I often get asked about Cody’s stimming and why autistic people do this? So what is stimming? Wikipedia defines it as a self-stimulatory behavior, also known as stimming and self-stimulation, is the repetition of physical movements, sounds, or repetitive movement of objects common in individuals with developmental disabilities, but most prevalent in people with autistic spectrum disorders.
Temple Grandin’s post in Autism Digest says, “Stimming, or self-stimulatory behaviors, are behaviors people with autism may exhibit to counteract an overwhelming sensory environment or alleviate the high levels of internal anxiety. Some examples of stimming are rocking, spinning, pacing, repeating words or flapping of arms or hands.”
Autistic people aren’t the only ones who stim, although occasionally people on the spectrum stim in more obvious ways and may attract attention. Many people have a hard time grasping why someone would stim.
Truth is, we ALL stim. If you’ve ever tapped your pencil, bitten your nails, twirled your hair, or paced, you’ve engaged in stimming. Stimming is almost always a symptom of autism, but it’s important to note that stimming is also a part of most people’s behavior patterns. The biggest differences between autistic and typical stimming are the choice and quantity of stim. While it’s at least moderately acceptable to bite one’s nails, for example, it’s considered “different” to wander around flapping one’s hands. There’s really no good reason why flapping should be less acceptable than nail biting (it’s certainly more hygienic!). But in our world, the hand flappers receive strange attention while the nail biters are tolerated.
Like anyone else, people with autism stim to help themselves to manage anxiety, fear, anger, and other negative emotions. Like many people, people with autism may stim to help themselves handle overwhelming sensory input (too much noise, light, heat, etc). Unlike most people, though, individuals with autism may also self-stimulate constantly, and stimming may stand between them and their ability to interact with others, take part in ordinary activities, or even be included in typical classrooms.
I posted an article recently about stimming and really loved what a dear friend had to say about stimming and how she found a way to channel this stimming into a hobby/interest. Here is what she said.
LOVE. THIS. ARTICLE! As a BCBA, I have tried to explain this to parents of spectrum kiddos over & over. We all stim! My self-stimulators behavior is channeled into reading a novel to escape reality for a bit, maybe pouring a glass of wine, or even taking a run! As a musician, sitting down to play at the piano is certainly self-stimulating! We never want to take the comfort of stimming away. Rather, we help replace stims that prevent functioning with stims that are considered socially appropriate, thus allowing the child to eventually mainstream into a classroom without being a distraction, and one day holding a job. Ex: years ago I was working with a sweet girl who was a tapper. She loved to tap her finders on just about any hard surface there was. We put that stim behavior through extinction, while simultaneously purchasing her a pair of tap shoes. We were able to eradicate the constant tapping that was preventing her from functioning in her preschool classroom, but channeled her into tap lessons! And guess what? This kiddos STILL, 10 years later, loves to tap dance! And the even greater thing about her is that she now NO LONGER QUALIFIES FOR HER AUTISM DIAGNOSIS! Talk about making my heart happy! Yes, folks, these precious kids CAN be recovered, with hard work at an early age! And Shelley Stone-Neustupa, I just know the same will go for Cody, due to your hard work!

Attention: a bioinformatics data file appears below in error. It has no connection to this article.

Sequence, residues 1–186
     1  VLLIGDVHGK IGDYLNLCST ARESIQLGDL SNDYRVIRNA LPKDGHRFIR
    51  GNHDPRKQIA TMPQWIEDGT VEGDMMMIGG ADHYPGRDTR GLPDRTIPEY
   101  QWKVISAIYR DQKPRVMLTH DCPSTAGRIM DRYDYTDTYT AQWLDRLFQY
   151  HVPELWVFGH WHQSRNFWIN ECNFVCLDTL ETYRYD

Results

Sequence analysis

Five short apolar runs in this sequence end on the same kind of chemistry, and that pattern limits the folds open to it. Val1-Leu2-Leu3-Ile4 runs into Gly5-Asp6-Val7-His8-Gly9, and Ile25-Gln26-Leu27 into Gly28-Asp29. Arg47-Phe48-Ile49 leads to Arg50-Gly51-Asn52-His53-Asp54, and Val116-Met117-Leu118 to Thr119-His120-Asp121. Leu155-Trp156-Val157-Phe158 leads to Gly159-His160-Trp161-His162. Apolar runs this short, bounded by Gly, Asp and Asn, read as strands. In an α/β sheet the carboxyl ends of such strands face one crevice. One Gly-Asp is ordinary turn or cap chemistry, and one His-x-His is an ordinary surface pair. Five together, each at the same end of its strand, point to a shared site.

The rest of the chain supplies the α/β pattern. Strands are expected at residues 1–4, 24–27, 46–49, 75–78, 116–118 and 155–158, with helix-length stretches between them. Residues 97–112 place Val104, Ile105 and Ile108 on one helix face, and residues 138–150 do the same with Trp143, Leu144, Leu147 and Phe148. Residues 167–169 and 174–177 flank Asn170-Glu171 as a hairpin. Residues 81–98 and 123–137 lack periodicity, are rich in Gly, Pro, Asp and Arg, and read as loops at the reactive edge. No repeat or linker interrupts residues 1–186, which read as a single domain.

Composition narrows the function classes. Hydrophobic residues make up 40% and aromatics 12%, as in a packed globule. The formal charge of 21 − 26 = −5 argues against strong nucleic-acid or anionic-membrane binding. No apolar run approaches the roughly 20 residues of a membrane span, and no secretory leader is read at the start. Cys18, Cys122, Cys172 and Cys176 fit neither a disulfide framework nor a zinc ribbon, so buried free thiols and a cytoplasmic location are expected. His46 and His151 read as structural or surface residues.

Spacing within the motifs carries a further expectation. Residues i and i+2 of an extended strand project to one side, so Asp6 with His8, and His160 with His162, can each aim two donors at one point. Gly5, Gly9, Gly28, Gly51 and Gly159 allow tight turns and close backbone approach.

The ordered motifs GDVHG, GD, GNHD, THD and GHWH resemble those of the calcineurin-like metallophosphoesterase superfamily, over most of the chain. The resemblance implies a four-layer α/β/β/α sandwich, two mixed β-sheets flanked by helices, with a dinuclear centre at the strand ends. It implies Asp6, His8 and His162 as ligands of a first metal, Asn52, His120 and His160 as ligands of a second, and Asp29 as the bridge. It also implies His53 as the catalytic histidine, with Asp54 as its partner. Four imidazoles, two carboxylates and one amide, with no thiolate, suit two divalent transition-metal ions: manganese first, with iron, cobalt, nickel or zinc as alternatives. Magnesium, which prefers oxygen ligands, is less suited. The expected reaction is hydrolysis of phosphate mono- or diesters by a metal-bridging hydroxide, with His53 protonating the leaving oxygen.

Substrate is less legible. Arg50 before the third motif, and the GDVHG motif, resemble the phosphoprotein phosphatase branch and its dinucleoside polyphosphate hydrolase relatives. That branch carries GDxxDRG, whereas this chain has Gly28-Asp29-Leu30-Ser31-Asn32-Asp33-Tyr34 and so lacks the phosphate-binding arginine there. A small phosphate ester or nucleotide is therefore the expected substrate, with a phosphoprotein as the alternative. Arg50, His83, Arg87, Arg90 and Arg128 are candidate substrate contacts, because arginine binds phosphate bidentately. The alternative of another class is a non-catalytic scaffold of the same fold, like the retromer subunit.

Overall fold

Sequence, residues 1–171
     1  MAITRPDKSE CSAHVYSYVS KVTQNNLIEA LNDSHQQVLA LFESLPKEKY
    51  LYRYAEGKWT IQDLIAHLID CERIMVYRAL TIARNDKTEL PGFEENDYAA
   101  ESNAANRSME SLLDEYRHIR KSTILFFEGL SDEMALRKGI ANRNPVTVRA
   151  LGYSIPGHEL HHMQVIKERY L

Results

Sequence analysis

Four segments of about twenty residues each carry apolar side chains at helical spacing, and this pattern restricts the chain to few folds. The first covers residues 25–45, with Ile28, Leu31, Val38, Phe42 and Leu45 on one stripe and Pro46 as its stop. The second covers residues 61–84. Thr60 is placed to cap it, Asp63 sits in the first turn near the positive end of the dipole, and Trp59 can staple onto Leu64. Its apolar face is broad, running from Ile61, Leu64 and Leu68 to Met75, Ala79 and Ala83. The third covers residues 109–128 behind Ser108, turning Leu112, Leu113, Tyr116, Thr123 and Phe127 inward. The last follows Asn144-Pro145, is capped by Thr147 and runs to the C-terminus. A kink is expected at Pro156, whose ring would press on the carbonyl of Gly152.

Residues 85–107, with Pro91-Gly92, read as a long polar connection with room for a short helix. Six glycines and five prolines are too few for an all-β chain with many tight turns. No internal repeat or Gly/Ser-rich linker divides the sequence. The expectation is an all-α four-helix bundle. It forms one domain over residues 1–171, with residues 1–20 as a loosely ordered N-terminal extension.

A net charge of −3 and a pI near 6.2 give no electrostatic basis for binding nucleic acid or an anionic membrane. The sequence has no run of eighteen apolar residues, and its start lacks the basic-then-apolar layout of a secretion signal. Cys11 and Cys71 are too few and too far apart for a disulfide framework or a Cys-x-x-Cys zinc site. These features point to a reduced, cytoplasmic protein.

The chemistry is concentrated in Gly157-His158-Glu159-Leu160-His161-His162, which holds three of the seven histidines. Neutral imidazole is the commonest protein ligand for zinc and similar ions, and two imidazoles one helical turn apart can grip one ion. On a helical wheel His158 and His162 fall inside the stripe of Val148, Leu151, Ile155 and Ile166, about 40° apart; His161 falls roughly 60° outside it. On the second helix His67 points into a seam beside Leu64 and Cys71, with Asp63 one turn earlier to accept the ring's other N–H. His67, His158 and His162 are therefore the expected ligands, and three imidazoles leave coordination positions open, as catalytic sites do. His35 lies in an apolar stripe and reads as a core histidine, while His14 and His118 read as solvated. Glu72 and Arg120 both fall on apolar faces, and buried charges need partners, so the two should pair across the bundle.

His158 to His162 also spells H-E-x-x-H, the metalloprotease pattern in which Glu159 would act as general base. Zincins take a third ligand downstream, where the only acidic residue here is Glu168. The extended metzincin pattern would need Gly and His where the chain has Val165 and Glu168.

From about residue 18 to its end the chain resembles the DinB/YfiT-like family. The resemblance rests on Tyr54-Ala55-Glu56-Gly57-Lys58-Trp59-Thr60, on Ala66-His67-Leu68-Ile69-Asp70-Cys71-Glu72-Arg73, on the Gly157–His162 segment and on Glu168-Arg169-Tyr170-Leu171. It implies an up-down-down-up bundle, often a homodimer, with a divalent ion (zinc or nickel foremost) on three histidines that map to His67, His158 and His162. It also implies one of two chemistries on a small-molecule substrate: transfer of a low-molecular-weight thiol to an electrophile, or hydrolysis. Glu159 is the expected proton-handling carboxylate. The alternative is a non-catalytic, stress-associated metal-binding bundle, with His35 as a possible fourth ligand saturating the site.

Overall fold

I loved what she wrote! Like she mentioned, at times, stimming can be a useful accommodation, making it possible for the autistic person to manage challenging situations. When it becomes a distraction or in some cases can cause physical harm to self or others, try to channel it through something else. Brad and I often re-direct Cody when we notice it affecting his learning and other times when he is happy and it’s not affecting his learning, he will flap his arms with such joy and it makes us happy. Cody is also our “hummer.” His humming started at a very early age and he often will hum the entire time he is eating a meal or if he is in the car. We never tell him ”no” we just simply re-direct him. I tend to start singing and this seems to calm him pretty quick.
In closing, The Mighty asked their readers with autism how they explain what stimming is like. Here are a few:
“It’s a comforting thing to do. Neurotypical people probably understand and do similar things, but the difference is that autism stims feel more necessary, and trying to stop them causes unpleasantness for us. It makes me feel uncomfortable when [it] cannot be done.” — Elizabeth Alford
“It’s a combination of habit and releasing build-up of stress or internal energy in the body. It isn’t something you do only when you have anxiety or negative feelings, it feels good. It’s kind of necessary.” — Planet Autism